Problems arise when doctors pay no heed to such warnings.

[Previous eye injury] or INFLAMMATION. (Inflammation from auto immune "diseases" such as Sjogren's Syndrome, which causes inflammation of the eye (dry eye); or being misdiagnosed with recurring conjunctivitis -- or TED, as it often appears as conjunctivitis whether actual or not. Many of the symptoms overlap on first appearance:

"Graves’ Ophthalmopathy Misdiagnosed as Relapsing Conjunctivitis"

Irini P. Chatziralli,a,* Evgenia Kanonidou,a Petros Keryttopoulos,b Dionyssia Papadopoulou,c and Leonidas Papazisisa

"The classic symptoms of the thyroid eye disease include eyelid retraction, exophthalmos, dysmotility, and diplopia [1,2,3,4,5]. Nevertheless, there are patients who present only ocular surface irritation, hyperemia and conjunctivitis [2, 3]. Although these latter findings are well established, ocular manifestations are frequently overlooked, and diagnosis of thyroid disease is usually made when the classic features manifest. In addition to this, thyroid eye disease is often misdiagnosed as allergic or relapsing conjunctivitis, as tearing and hyperemia are the predominant features [2, 5]. In such cases, the presence of eyelid retraction and restricted eye movements helps to differentiate thyroid eye disease from other causes of periorbital edema [2, 3, 5]. Moreover, thyroid function tests (FT3, FT4, and TSH) can be helpful in the diagnosis of thyroid ophthalmopathy and should be included in the routine work-up."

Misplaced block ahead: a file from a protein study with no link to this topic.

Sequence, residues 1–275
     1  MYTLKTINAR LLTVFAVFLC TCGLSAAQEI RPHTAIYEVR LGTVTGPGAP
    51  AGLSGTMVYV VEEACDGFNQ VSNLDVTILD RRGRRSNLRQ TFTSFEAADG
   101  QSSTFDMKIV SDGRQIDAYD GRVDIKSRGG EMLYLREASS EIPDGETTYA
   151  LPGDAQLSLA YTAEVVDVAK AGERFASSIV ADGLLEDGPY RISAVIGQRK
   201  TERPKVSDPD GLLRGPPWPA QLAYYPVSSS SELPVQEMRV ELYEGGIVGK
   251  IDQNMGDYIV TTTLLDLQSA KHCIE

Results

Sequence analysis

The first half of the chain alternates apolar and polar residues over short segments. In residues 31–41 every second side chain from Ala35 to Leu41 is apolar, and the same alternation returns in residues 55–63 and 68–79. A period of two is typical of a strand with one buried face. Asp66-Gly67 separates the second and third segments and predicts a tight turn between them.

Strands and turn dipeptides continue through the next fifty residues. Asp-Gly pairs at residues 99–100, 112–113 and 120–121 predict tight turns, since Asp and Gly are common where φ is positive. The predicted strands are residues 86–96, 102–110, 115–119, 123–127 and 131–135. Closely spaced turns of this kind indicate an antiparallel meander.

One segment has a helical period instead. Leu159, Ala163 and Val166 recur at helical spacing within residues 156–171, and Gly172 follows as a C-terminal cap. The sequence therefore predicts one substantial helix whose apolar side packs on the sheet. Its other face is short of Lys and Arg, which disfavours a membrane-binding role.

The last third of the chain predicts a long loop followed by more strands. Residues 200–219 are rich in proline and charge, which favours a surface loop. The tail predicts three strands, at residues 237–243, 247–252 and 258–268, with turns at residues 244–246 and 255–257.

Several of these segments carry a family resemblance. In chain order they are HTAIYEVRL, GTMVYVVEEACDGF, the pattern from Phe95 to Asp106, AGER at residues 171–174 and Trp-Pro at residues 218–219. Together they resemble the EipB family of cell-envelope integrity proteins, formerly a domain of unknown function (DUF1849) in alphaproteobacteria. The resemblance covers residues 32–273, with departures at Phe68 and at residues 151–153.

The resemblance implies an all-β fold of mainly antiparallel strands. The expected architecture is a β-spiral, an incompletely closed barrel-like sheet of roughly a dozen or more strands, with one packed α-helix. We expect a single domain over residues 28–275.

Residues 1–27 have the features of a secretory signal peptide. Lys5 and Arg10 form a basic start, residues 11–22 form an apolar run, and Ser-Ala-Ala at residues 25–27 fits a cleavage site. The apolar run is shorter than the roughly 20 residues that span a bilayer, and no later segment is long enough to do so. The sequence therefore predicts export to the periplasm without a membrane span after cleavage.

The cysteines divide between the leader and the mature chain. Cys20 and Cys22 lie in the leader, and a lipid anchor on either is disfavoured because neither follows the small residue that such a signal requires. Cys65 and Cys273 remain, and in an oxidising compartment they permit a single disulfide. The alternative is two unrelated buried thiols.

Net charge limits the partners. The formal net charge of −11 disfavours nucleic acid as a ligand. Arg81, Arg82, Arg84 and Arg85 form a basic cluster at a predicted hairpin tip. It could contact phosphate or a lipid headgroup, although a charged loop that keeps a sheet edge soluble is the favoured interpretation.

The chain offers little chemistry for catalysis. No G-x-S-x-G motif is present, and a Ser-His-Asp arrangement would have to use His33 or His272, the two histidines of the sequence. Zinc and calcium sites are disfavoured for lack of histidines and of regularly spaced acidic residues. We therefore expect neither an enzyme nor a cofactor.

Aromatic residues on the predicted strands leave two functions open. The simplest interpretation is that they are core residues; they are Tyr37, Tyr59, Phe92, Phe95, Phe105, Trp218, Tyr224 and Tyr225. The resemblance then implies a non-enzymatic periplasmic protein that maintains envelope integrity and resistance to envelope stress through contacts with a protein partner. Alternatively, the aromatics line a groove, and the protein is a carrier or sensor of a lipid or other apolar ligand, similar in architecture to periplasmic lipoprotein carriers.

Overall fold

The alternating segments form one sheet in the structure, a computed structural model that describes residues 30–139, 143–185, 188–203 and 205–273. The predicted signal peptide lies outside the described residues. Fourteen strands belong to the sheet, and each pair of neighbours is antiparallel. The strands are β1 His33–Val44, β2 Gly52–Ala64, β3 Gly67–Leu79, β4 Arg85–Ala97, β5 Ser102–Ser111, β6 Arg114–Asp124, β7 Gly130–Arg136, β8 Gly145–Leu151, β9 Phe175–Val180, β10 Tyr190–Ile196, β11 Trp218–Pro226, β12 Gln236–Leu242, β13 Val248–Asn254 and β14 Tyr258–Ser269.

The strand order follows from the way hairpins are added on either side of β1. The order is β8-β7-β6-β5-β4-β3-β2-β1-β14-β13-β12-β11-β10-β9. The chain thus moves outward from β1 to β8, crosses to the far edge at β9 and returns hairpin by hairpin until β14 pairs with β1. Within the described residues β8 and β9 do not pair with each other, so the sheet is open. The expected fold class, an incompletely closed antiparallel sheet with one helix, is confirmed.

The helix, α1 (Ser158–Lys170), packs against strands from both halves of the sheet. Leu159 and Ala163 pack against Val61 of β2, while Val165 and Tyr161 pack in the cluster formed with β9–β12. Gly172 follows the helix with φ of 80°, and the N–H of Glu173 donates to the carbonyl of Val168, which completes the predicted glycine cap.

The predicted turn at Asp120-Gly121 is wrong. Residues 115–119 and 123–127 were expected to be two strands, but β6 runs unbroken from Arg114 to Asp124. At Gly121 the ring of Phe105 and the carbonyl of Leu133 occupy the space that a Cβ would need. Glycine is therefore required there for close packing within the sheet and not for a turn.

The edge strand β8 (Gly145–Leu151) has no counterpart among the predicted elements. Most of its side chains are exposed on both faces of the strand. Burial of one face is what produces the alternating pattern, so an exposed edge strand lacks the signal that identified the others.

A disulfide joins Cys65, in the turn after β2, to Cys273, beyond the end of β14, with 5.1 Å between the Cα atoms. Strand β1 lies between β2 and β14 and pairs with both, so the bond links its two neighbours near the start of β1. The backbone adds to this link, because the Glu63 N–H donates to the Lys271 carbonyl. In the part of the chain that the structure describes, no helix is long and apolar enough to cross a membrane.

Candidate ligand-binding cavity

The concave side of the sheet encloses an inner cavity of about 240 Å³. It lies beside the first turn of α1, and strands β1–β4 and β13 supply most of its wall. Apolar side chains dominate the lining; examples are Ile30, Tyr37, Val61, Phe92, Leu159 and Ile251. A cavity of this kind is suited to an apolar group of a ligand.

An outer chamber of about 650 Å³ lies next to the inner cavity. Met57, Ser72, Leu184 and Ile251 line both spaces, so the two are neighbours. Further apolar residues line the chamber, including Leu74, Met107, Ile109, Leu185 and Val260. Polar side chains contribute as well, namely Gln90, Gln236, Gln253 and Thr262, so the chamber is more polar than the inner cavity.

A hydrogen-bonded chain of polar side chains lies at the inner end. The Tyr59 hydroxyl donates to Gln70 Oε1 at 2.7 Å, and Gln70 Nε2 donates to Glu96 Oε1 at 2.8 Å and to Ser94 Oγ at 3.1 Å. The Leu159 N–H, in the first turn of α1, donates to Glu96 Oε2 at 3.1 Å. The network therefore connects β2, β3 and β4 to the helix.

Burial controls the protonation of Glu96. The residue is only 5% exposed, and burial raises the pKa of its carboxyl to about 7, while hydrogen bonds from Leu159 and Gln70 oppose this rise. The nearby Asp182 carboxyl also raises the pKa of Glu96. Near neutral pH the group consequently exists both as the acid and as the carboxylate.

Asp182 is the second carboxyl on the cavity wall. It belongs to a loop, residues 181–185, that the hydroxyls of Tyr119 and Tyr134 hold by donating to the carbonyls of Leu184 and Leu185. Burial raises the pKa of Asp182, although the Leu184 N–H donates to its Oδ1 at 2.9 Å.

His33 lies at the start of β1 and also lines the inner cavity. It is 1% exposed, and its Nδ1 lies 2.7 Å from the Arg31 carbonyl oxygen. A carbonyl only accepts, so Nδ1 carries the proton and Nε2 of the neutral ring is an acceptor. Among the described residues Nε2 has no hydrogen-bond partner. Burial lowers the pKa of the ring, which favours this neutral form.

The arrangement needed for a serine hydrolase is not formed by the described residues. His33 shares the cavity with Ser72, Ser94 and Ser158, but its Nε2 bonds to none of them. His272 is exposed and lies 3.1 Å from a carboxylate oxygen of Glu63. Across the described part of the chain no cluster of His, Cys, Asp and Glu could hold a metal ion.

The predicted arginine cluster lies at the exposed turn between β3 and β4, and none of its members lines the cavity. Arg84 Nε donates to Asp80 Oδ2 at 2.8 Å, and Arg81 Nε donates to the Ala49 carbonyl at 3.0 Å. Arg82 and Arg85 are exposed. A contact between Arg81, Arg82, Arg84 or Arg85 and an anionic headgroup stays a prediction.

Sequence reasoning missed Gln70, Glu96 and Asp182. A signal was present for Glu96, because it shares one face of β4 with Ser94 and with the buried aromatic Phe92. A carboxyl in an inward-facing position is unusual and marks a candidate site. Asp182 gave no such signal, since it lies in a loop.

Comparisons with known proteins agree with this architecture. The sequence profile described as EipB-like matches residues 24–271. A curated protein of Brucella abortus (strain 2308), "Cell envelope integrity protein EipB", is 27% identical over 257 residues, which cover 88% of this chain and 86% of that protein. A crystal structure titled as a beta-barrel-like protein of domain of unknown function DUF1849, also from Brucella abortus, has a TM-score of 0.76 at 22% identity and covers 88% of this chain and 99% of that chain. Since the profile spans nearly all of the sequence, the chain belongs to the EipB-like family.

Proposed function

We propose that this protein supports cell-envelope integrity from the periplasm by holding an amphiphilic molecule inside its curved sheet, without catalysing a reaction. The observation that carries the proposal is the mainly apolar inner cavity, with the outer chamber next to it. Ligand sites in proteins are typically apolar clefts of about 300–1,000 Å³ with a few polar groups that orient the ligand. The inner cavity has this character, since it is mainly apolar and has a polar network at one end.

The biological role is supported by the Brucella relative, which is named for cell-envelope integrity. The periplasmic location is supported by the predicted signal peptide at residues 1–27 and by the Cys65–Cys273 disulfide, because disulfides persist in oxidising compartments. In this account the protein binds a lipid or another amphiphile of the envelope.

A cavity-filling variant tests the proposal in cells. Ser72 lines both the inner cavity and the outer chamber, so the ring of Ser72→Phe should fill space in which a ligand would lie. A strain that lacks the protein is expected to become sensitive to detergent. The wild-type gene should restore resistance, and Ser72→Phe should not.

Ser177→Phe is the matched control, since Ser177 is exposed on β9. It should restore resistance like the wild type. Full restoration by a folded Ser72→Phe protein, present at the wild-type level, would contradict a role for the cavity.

Note: It was my own suspicion of having conjunctivitis or something terribly wrong with my eye (which had suddenly gotten much, much worse) that got my Grave's discovered. The eye was so inflamed, my blood pressure had gone through the roof (though I'd always had low exceptionally low BP my entire life to that point). The attending physician immediately saw my neck appeared to have goiter. She was right. She said immediate attention had to go to bringing down the BP and they did that in the emergency room with intravenous medications. I was then referred to see an endocrinologist with an appointment the following day. The rest is history.

There is also a connection between hypothyroidism and hyperthyroidism. I have both Hashimoto's antibodies and Grave's antibodies. It is not as uncommon as some might think. I began with a diagnosis of being hypothyroid when I was 20 years young. From that time forward, after being sick on Synthroid, the diagnoses got lost in the shuffle and I was never tested for it again. But the symptoms built up over the years. Forty years later I was diagnosed with a serious case of Grave's Disease. It had gone undetected for at least ten years (I thought it was a horrendous case of menopause -- yikes!).